Massachusetts Paid Family and Medical Leave Act – January 1 Implications

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Although Massachusetts employers presumably have been preparing for and complying with the ‎Massachusetts Paid Family and Medical Leave Act (“MA PFMLA”) for more than a year, ‎January 1 marks the date when Massachusetts employees will first benefit from the MA ‎PFMLA’s provisions.

Starting on the first day of next year, employees will be eligible for an array of leave benefits ‎under the MA PFMLA.  Specifically, employees then will be allowed to take paid medical leave ‎to manage their own serious health conditions; and will be allowed to take paid family leave to ‎manage affairs while a family member is on active military duty overseas, care for a family ‎member who is a military service member with a serious health condition, or bond with a child ‎newly born, adopted, or placed in foster care.  Starting on July 1, 2021, employees also will be ‎eligible to take paid family leave to care for any family member with a serious health condition.‎  The maximum weekly benefit for all types of leave under the MA PFMLA will be $850.

The duration of the leave will depend on the type of leave taken:‎

  • To manage one’s own serious health condition: 20 weeks.‎
  • To manage affairs while a family member is on active military duty overseas: 12 weeks.‎
  • To care for a military service member with a serious condition: 26 weeks.‎
  • To bond with a child: 12 weeks.‎
  • To care for a family member’s serious health condition: 12 weeks.‎

An employee will be able to take both family and medical leave in a “benefit year” but the ‎aggregate total of leave may not exceed 26 weeks.  “Benefit year” is defined as the 52 ‎consecutive weeks beginning on the Sunday immediately preceding the day upon which an ‎employee becomes eligible for leave.

“Serious health conditions” include pregnancy; chronic conditions (such as diabetes) that prevent ‎an employee from working for certain periods of time and require going to the doctor more than ‎twice a year; permanent or long-term conditions (such as cancer) requiring ongoing attention but ‎will not necessarily need active treatment; and conditions requiring multiple treatments (such as ‎dialysis or physical therapy).  “Family member” includes a covered employee’s spouse, domestic ‎partner, child, parent, parent of a spouse, grandchild, grandparent or sibling.‎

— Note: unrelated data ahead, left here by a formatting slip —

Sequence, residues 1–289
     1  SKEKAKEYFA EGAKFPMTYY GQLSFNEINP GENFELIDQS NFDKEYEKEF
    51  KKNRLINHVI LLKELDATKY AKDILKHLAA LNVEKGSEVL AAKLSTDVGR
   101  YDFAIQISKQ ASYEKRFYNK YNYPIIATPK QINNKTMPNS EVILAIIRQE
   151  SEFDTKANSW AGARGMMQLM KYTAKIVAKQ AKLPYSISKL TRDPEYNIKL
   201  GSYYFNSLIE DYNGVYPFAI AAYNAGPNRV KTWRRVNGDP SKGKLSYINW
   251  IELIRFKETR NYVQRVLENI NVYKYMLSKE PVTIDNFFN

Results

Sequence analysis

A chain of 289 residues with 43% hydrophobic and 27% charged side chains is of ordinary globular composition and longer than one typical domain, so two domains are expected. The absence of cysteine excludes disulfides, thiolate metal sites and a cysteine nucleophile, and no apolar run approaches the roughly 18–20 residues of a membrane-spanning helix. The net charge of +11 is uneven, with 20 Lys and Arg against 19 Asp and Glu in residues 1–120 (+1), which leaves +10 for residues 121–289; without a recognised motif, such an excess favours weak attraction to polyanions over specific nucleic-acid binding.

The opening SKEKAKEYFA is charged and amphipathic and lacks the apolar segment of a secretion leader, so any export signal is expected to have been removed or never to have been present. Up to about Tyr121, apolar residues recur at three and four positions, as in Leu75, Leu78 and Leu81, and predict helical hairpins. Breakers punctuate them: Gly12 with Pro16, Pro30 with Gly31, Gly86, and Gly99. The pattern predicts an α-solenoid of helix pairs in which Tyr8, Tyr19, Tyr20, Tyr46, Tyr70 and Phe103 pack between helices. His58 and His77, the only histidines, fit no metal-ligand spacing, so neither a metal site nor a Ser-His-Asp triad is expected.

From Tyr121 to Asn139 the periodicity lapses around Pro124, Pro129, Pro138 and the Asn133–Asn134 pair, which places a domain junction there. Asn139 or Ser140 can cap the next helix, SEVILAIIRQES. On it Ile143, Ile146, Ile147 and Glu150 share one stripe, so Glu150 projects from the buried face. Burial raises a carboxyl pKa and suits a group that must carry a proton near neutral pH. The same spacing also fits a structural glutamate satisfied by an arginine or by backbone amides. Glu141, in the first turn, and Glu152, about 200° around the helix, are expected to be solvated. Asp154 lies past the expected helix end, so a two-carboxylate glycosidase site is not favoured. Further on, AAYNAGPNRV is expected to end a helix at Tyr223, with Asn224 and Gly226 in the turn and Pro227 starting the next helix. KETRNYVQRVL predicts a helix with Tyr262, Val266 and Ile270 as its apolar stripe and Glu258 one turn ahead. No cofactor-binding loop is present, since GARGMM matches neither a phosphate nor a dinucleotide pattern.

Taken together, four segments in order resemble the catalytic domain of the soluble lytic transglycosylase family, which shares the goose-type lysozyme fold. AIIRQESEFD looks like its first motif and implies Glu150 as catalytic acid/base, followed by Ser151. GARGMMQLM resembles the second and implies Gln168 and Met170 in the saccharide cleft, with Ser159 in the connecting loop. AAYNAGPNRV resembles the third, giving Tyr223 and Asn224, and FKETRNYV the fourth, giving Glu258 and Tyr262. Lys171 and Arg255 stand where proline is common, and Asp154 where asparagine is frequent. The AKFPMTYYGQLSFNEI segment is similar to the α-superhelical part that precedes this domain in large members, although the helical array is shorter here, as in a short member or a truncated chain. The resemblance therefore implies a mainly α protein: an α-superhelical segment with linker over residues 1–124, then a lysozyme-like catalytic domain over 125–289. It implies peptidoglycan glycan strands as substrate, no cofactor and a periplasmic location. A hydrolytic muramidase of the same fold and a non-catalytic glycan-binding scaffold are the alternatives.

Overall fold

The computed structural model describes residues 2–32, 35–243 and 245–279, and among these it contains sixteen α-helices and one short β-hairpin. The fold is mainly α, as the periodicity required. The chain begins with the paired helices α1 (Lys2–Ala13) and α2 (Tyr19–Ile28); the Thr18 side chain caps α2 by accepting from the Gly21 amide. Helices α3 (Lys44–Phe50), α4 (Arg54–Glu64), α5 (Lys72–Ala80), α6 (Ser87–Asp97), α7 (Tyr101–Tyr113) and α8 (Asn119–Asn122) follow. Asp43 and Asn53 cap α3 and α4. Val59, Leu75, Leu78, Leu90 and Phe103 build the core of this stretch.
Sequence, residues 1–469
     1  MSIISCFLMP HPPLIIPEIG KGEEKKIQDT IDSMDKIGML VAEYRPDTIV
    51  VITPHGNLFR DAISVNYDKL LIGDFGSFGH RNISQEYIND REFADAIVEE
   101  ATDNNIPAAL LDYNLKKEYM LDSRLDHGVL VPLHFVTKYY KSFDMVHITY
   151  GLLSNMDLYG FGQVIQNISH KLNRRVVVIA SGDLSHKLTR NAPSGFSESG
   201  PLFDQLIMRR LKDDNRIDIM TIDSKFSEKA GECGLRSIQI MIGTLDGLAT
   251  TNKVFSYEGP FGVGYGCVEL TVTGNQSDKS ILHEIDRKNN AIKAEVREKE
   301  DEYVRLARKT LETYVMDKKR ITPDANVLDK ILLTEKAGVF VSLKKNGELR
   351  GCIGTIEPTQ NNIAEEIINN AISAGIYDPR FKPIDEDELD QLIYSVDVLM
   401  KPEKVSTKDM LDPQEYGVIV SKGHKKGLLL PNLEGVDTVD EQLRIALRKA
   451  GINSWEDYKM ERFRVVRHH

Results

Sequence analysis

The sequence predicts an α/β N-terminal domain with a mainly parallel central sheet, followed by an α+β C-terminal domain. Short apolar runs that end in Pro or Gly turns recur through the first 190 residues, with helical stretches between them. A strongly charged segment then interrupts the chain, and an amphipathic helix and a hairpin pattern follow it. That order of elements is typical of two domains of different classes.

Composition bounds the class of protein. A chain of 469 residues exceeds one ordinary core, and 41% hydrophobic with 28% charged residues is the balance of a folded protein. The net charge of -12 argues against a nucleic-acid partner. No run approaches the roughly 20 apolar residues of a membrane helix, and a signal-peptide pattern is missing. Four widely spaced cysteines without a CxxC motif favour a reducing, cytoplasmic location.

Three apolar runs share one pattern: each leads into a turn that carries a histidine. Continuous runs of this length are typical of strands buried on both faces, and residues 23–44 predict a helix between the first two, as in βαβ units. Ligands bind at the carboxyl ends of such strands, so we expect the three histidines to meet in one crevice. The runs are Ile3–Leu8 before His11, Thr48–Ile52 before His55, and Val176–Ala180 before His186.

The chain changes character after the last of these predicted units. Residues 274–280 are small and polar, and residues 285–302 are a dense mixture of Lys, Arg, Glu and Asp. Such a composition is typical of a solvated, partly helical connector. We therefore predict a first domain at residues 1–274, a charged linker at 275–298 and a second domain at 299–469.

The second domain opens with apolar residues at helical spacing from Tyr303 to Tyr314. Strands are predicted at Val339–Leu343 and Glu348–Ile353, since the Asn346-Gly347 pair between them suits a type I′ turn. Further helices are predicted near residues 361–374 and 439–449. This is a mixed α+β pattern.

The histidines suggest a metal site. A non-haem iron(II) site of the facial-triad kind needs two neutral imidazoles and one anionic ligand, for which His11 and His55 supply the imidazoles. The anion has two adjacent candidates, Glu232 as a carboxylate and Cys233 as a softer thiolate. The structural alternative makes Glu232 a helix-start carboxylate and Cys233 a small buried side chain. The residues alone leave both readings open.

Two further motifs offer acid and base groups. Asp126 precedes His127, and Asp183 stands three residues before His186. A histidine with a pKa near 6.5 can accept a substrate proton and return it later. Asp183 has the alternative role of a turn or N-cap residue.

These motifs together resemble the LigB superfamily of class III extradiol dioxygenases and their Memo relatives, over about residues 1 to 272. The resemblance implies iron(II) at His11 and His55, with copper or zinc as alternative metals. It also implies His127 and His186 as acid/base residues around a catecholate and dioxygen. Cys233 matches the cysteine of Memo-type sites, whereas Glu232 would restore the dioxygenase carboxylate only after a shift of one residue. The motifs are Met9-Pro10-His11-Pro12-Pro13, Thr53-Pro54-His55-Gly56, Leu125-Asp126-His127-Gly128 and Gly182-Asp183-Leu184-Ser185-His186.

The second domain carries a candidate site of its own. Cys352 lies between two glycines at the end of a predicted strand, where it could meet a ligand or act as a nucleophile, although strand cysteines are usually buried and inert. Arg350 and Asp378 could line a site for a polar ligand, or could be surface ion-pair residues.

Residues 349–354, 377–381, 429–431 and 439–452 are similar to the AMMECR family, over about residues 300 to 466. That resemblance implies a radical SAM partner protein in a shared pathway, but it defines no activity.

An important consideration for employers under the MA PFMLA is that they can opt-out of the ‎law if they provide benefits to their employees that are equal to or greater than the benefits ‎provided by the MA PFMLA.  Such employers, however, must apply for an exemption with the ‎Department of Family and Medical Leave.‎

Lastly, although they provide similar benefits in certain situations, the MA PFMLA differs in ‎important ways from the federal Family and Medical Leave Act (“FMLA”).  Perhaps most ‎importantly, the MA PFMLA provides for paid leave and employers are responsible for ‎collecting and paying contributions on their behalf; in contrast, the FMLA provides for unpaid ‎leave, so employers do not have a responsibility to collect or remit contributions.  Other critical ‎differences include the fact that Massachusetts employers of any size may be subject to the MA ‎PFMLA, while the FMLA only applies to employers with 50 or more employees, and the fact ‎that eligibility for MA PFMLA benefits is not dependent on how long an individual has worked ‎for his or her current employer, while employees are not eligible for FMLA benefits until they ‎have worked for their current employer for at least 12 months.‎

Massachusetts employers should be aware of these and other critical provisions of the MA ‎PFMLA as January 1, 2021 approaches.‎

DISCLAIMER: Because of the generality of this update, the information provided herein may not be applicable in all situations and should not be acted upon without specific legal advice based on particular situations.

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